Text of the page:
On Thursday, the Federal Communications Commission (FCC) is expected to establish landmark net neutrality rules on Internet service providers (ISP).
The new rule would reclassify ISP from “information service” to “telecommunication service,” thereby granting the FCC broad authority over a range of business practices by broadband companies, including a stringent enforcement of net neutrality.
The FCC’s decision doesn’t make net neutrality the law of the land yet. Cable lobbyists said they will likely challenge the change in the courts. The last time the FCC tried to introduce net neutrality rules via a different legal pathway, it was successfully challenged by Verizon, which won its lawsuit in the Supreme Court in 2014.
What Is Net Neutrality?
The core idea behind net neutrality is that of an Internet where service providers, such as Comcast or AT&T, cannot discriminate against content providers, such as Netflix, by charging websites for different speed levels, also known as “paid prioritization.” It would also prevent ISP from throttling broadband-heavy websites such as video-streaming services.
The new FCC rules will most likely guarantee better Internet service for most consumers because it means that ISP can’t practice price-discrimination to extract more profits from Internet users or websites most willing to pay for better service, according to Ben Hermalin, an economist at Berkeley’s Haas School of Business.
Hermalin said that the most effective form of price-discrimination has historically been an intentional degrading of the quality of the lower-tiered options, and not improving the top-tiered ones. For instance, in the 19th century, French railroad companies offered three classes of tickets, and would often leave the third-coach compartment without a roof so that the wealthy were encouraged to buy first- and second-coach tickets.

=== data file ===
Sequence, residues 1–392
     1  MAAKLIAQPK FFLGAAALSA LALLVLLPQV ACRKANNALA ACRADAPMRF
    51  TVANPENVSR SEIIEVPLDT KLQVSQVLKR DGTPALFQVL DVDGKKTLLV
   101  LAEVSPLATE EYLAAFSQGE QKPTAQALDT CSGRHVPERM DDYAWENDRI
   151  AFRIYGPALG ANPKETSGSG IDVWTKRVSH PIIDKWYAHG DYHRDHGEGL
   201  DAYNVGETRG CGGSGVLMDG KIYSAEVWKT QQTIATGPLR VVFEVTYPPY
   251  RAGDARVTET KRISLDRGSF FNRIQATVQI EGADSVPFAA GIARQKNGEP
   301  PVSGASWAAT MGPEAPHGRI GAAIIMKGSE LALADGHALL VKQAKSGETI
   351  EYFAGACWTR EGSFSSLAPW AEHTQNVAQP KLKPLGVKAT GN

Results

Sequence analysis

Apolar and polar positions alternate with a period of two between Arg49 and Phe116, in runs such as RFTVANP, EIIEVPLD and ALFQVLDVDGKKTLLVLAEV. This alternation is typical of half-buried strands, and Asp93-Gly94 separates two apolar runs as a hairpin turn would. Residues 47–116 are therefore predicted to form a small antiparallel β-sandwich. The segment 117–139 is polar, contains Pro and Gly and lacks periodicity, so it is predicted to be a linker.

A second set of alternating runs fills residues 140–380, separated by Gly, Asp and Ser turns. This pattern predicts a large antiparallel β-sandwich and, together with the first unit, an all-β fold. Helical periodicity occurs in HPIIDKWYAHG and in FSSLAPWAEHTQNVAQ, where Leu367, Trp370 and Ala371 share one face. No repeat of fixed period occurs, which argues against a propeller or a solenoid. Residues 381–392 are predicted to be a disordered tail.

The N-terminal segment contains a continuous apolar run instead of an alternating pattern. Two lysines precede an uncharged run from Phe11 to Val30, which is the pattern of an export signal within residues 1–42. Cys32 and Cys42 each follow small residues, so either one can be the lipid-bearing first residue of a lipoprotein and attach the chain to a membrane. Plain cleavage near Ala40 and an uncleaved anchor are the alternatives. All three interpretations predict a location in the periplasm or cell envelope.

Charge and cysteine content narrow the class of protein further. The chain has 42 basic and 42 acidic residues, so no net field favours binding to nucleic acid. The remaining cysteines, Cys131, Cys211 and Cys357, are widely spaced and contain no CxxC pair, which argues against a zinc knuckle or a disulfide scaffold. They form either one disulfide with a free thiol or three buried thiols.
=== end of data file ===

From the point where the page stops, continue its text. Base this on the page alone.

Similar practices existed in England in the same era, where third-coach compartments often lacked seats as well. Eventually the English Parliament had to pass the Railway Regulation Act 1844 to remedy the problem.
In addition, Hermalin said, in the short-run the amount of broadband is finite, and providing guaranteed “fast lanes” at a higher price would necessarily squeeze the lower-tiered lanes.
ISP can afford to price-discriminate because in many areas they are effective monopolies, and barriers to entry are so high for the broadband market that competition will remain limited in the foreseeable future.
“Short of some amazing technological breakthrough, I don’t see how you’ll get a lot of competition from the private sector coming into [broadband] markets,” Hermalin said.
One concern from net neutrality skeptics is that net neutrality will overburden ISP with costly red tape and make it unprofitable for the business to expand. The Progressive Policy Institute estimates that the new state fees applicable to ISPs could cost upward of $11 billion, and cable lobbyists complained that “detailed pricing mandates” and “forced unbundling” requirements could prevent the rollout of new services.
Hermalin isn’t worried about ISP being pushed toward unprofitability if net neutrality stamps out certain forms of price discrimination. Companies still have tools like data usage caps and the charges that come with going over those caps.
“They have plenty of arrows in their quiver, I’m not too worried about their profits,” he said.
Indeed, while Comcast was able to invest $6 billion of its profits back into its networks in 2014, it was able to give $6.5 billion back to shareholders in the form of dividends and buybacks.